We hopped off the train in Pisa, and I am not sure why, but for some reason I expected the leaning tower to immediately within sight. But when we left the train station, my seeking gaze was disappointed to learn that it wasn’t adjacent to the train station. Call it poor planning on our parts, but we had neither a map nor directions on how to actually get to the Leaning Tower.
With the many other tourists visiting, I had expected that it would be straightforward, but it took a bit of figuring out. Still very easy to visit as a day trip, however, once you have directions! We had decided to pop into Pisa for just a couple of hours for pictures of the tower, lunch, and then onward to Florence. For that reason, we also had our backpacks with us! With the sun beating down on us, it added a good bit of pressure for us to make quick work of sussing out directions.
We searched the bus timetable for directions, but the tower wasn’t directly listed. My cousin and I have a bit of Italian under our belts, and Jenn speaks Spanish, so we split up to question strangers on how to get to the tower.
Eventually, a really nice Italian guy took pity on me. We were having trouble communicating in our mangled Italian/English, so he grabbed my hand, walked me 500 feet around a corner, and deposited me at a bus stop with firm instructions on which bus to take. I thanked him profusely with a mille grazie and hollered for Jenn and Helen to join me at the bus stop. After just two minutes, we boarded Bus 4 and it dropped us off on the doorstep of the Leaning Tower of Pisa!
My cousin Helen had already visited the Tower, so she planned to spend the afternoon in a coffee shop catching up on work (like me, she works online). Jenn and I dropped our backpacks behind Helen’s chair in the coffee shop, and then headed into the Leaning Tower complex to explore and take photos. It’s not huge, so it’s easy to explore in an hour or two.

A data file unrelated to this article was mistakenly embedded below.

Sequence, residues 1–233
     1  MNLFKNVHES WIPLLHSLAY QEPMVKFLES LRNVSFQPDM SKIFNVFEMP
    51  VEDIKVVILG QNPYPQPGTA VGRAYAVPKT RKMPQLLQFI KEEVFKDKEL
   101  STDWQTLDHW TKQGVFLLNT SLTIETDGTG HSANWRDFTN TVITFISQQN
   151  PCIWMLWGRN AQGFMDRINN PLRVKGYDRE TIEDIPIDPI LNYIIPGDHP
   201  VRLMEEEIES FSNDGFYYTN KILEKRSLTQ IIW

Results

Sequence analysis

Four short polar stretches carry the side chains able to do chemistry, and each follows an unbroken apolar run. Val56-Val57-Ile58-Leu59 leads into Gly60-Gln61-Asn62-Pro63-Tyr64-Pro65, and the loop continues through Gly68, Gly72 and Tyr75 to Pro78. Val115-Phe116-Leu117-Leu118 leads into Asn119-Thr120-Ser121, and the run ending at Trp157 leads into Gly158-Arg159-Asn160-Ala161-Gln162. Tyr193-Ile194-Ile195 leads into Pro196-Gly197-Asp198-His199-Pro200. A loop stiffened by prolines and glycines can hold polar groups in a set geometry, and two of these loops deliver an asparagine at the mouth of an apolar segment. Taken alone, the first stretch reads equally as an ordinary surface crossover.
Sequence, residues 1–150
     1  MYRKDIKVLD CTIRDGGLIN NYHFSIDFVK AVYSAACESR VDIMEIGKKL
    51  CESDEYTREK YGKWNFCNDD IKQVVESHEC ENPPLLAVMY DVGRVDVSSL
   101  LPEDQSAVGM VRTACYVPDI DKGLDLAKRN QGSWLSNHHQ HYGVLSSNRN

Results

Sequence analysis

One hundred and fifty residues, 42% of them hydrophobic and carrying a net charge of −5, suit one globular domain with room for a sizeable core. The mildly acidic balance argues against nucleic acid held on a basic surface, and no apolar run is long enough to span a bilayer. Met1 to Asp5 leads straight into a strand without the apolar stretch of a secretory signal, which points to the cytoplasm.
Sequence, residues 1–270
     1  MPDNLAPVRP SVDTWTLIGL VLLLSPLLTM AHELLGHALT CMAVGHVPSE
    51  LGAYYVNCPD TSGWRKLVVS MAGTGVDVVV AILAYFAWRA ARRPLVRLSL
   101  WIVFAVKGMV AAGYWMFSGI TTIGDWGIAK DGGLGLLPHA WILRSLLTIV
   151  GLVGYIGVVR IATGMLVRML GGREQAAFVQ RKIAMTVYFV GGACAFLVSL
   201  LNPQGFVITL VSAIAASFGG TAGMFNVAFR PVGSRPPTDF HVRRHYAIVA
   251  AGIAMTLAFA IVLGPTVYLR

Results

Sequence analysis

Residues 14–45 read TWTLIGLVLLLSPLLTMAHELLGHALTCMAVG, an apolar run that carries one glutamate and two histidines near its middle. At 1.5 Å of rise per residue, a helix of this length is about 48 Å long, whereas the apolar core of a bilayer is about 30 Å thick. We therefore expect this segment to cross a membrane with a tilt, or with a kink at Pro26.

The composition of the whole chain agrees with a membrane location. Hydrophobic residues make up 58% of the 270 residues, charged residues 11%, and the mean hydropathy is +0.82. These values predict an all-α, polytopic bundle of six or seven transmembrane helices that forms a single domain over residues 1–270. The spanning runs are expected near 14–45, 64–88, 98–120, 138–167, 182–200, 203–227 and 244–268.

Everything gleams. The church, the bell tower. It’s all limestone structures coated in white marble and it’s stunning. Even more though, this strong tall marble juts at a precarious angle from the ground. With the church nearby, and other tall and straight buildings in contrast, it seems like a building better suited for a Ripley’s Believe It Or Not Museum.
Construction on the bell tower first broke ground in 1173, and it would take just shy of 200 years to construct the tower. And one would think that the lean only came later, as the earth moved, or perhaps as the result of an earthquake. But that’s not the case. The ground was too soft on one side of the construction site, and this soft foundation caused the building to start slowly sinking as soon as the workers began constructing the second story — this is why the building tilts. As they finished the building, the builders attempted to correct the tilt. In later centuries they would replace many of the lower columns with stronger substances to withstand the unnatural weight of the building. The book TILT: A Skewed History of the Tower of Pisa is a great source of fascinating information. As recently as 2001, building engineers worked to lessen the tilt. Usually weight like that is distributed across many columns, but with the pronounced lean, it puts a tremendous stress on a substance not accustomed to carrying that much weight across the centuries.
The three of us scoped the area until we spotted two women in their late twenties jabbering in English — perfect. The girl taking the picture was so committed to getting the shot right that she even kneeled on the ground even though she was wearing pristine white pants! Now that is commitment I can respect! The shot looked great, we reciprocated and captured a great one of the two of them, and then the three of us hoofed it over to the bus stop. We needed to continue south to Florence!
Reading: Lolita by Vladmir Nabokov. I traded one of my other books for this, and it’s a creepy book but I am happy to have read it since it’s a cultural touchstone.
Listening: Dookie album by Greenday
Where am I really? Slovenia! And it rained all day.